On appeal from the Board of Trustees, Public Employees Retirement System, Docket No. PERS# 2-10-243754.
NOT FOR PUBLICATION WITHOUT THE APPROVAL OF THE APPELLATE DIVISION
Submitted May 1, 2012 Before Judges Messano and Kennedy.
Thomas Shappell appeals from the final administrative decision of the Board of Trustees (the Board) of the Public Employees' Retirement System (PERS) which adopted, with limited modification, the findings and conclusions of the administrative law judge (ALJ) denying Shappell accidental disability retirement benefits. The facts are essentially undisputed.
Shappell was employed as a senior corrections officer at the Edna Mahon Correctional Facility in Clinton. For five years prior to September 5, 2007, he was assigned exclusively to the "upholstery shop" where inmates refurbished furniture. On that day, Shappell observed an inmate trying to place a "decorative nail" in a piece of furniture with a hammer. She was having difficulty so Shappell demonstrated the proper technique, which required "start[ing the nail] with [his] thumb" prior to using the hammer. When he pushed the nail, Shappell felt a "sharp pain" in his left thumb and immediately stopped. The pain became worse after he left work, and the digit swelled and "turned red in color" that evening.
An MRI performed in October 2007 revealed that Shappell had suffered a "[c]omplete disruption of the first MCP joint ulnar collateral ligament along with radial collateral ligament sprain and marrow edema of the proximal end of the first proximal phalanx." Surgery was performed in December, and Shappell applied for accidental disability retirement benefits in June 2008, claiming he was disabled as a result of the incident. See N.J.S.A. 43:15A-43 (permitting a member of PERS to retire "on an accidental disability allowance" if "permanently and totally disabled as a direct result of a traumatic event occurring during and as a result of the performance of his regular or assigned duties").
The Board preliminarily denied Shappell's request and the matter was transferred to the Office of Administrative Law (OAL) as a contested case. However, before the hearing took place, at its January 20, 2010 meeting, the Board reconsidered the denial and concluded that Shappell was in fact "totally and permanently disabled from the performance of his job duties as a direct result of the" September 2007 incident. However, the Board advised Shappell that he was approved only for ordinary disability retirement benefits, effective January 1, 2009. See N.J.S.A. 43:15A-42 (permitting a member of PERS to retire on "ordinary disability" when the Board's physician determines he is "physically or mentally incapacitated for the performance of duty and should be retired"). Shappell requested a hearing before the ALJ, which took place on June 28, 2010.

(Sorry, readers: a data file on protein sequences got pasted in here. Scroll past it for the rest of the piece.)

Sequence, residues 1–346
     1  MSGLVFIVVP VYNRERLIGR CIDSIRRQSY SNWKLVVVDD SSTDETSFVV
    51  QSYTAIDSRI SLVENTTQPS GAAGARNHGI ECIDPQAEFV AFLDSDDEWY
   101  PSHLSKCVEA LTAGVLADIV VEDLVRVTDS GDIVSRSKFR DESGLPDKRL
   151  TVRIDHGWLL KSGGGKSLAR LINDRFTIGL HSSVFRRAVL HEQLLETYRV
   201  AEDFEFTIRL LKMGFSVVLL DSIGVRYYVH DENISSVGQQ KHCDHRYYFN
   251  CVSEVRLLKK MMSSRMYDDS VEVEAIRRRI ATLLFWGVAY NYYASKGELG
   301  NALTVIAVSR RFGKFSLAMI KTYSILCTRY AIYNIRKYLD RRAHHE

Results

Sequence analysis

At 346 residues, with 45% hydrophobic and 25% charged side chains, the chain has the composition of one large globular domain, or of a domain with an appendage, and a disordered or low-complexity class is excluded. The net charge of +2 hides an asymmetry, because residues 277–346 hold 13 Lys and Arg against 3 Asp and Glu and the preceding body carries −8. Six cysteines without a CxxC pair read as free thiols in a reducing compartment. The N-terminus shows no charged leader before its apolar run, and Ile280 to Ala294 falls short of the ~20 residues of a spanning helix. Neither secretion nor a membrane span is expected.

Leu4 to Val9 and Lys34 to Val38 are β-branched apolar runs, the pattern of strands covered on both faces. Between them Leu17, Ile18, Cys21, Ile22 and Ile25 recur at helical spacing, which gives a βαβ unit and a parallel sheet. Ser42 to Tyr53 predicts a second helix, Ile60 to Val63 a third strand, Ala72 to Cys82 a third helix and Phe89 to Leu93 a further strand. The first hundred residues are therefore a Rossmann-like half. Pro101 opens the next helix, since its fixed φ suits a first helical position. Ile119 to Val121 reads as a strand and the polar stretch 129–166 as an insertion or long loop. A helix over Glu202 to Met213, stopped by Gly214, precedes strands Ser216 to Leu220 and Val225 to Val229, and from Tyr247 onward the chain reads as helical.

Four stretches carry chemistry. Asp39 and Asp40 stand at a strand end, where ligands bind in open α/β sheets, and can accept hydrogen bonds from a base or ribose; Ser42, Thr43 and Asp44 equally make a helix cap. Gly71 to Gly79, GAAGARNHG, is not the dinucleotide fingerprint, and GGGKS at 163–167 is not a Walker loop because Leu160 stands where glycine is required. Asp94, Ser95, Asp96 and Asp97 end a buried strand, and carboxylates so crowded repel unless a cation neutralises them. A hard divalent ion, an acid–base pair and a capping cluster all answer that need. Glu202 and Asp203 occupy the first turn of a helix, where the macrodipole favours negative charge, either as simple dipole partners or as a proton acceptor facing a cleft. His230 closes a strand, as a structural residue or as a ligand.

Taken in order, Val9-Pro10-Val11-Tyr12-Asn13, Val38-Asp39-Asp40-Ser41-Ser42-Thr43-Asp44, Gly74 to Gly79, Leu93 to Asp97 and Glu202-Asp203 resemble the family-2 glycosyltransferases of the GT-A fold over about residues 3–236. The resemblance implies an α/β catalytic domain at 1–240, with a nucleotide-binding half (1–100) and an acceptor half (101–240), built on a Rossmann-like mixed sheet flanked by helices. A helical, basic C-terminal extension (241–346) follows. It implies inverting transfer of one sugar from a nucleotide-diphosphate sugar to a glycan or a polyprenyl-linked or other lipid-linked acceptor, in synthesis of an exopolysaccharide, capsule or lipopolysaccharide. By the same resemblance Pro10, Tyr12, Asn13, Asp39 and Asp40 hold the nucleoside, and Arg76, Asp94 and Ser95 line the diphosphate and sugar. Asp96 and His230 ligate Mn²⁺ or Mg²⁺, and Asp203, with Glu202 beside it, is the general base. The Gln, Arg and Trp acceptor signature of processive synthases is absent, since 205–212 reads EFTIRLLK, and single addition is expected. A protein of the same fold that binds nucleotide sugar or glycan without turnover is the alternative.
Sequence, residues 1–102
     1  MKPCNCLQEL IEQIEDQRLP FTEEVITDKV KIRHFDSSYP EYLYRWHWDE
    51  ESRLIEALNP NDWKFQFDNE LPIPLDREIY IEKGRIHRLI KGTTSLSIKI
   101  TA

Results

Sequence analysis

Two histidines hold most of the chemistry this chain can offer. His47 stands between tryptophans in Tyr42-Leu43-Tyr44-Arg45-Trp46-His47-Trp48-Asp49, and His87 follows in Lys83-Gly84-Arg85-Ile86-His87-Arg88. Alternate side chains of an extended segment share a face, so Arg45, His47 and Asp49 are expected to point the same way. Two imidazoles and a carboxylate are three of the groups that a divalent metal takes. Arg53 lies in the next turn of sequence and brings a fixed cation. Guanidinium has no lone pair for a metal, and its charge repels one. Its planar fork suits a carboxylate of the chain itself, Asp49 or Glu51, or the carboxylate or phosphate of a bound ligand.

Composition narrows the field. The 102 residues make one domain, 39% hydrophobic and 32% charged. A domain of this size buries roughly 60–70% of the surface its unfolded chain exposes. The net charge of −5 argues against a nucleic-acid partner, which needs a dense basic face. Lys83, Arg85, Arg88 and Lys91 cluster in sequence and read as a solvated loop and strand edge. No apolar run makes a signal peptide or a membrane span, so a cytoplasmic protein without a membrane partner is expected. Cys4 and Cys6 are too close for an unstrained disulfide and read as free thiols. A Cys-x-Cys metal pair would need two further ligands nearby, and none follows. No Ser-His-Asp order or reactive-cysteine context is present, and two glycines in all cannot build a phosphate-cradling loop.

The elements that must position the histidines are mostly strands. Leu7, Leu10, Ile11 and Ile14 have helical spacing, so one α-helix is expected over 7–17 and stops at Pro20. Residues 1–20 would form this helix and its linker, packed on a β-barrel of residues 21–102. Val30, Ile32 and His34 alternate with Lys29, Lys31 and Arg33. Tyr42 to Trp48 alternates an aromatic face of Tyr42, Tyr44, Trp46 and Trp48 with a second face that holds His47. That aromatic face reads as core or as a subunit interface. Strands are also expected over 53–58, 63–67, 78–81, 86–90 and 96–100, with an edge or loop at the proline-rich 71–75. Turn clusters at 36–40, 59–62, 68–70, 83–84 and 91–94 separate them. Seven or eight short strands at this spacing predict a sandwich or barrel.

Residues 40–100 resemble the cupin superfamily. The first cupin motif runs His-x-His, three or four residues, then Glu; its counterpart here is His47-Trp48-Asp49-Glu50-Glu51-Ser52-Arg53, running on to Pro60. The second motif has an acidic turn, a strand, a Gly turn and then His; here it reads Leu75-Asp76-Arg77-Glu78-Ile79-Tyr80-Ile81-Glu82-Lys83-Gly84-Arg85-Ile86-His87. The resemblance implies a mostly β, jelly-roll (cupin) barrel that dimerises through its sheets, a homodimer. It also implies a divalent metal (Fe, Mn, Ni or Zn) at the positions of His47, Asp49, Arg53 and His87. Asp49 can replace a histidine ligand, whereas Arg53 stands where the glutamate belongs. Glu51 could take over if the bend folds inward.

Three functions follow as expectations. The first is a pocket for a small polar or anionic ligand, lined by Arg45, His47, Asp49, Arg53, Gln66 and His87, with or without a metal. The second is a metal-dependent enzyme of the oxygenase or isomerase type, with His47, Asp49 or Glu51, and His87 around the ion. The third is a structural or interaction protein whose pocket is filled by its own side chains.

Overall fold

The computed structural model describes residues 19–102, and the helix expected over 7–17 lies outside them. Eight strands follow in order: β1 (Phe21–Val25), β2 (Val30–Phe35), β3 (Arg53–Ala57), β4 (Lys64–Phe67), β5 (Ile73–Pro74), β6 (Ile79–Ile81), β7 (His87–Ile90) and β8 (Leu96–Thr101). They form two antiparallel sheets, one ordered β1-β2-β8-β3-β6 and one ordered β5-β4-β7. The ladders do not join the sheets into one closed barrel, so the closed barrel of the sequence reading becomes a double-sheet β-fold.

At the hearing, the Board conceded that Shappell was totally and permanently disabled as a result of the 2007 incident. The dispute, therefore, was limited to whether his disability was the "direct result of a traumatic event that [wa]s . . . undesigned and unexpected." Richardson v. Bd. of Trs., Police & Firemen's Ret. Sys., 192 N.J. 189, 212 (2007).
After hearing Shappell's testimony, the ALJ concluded:
[T]here was no undesigned and unexpected event, but only an unanticipated consequence of Shappell's normal work effort. Oversimplified, there was no traumatic event because there was no accident. Injury alone does not dictate the conclusion that an accident occurred. An unanticipated injury did occur but it was not the result of an unexpected happening.
He affirmed the grant of ordinary disability benefits to Shappell, but denied his application for accidental disability benefits. Shappell appealed to the Board.
At its January 19, 2011 meeting, the Board accepted and affirmed the ALJ's findings and conclusion, modifying them only to include Shappell's admission during his testimony "that the particular work effort that disabled him was no different from work he had done repeatedly in the past, except that in this instance he was injured." This appeal followed.
Shappell contends that the Board's decision misapplied the holding in Richardson, supra, 192 N.J. at 214. We have considered the argument in light of the record and applicable legal standards. We conclude the Board's decision was supported by sufficient credible evidence in the record as a whole, and Shappell's argument lacks sufficient merit to warrant extensive discussion in a written opinion. R. 2:11-3(e)(1)(D) and (E). We add only the following.
In Richardson, supra, 192 N.J. at 212, the Court clarified that to be eligible for accidental disability retirement benefits, a member must be permanently disabled "as a direct result of a traumatic event that is . . . identifiable as to time and place, . . . undesigned and unexpected, and . . . caused by a circumstance external to the member (not the result of pre-existing disease that is aggravated or accelerated by the work)." "[A] traumatic event is essentially the same as what we historically understood an accident to be -- an unexpected ...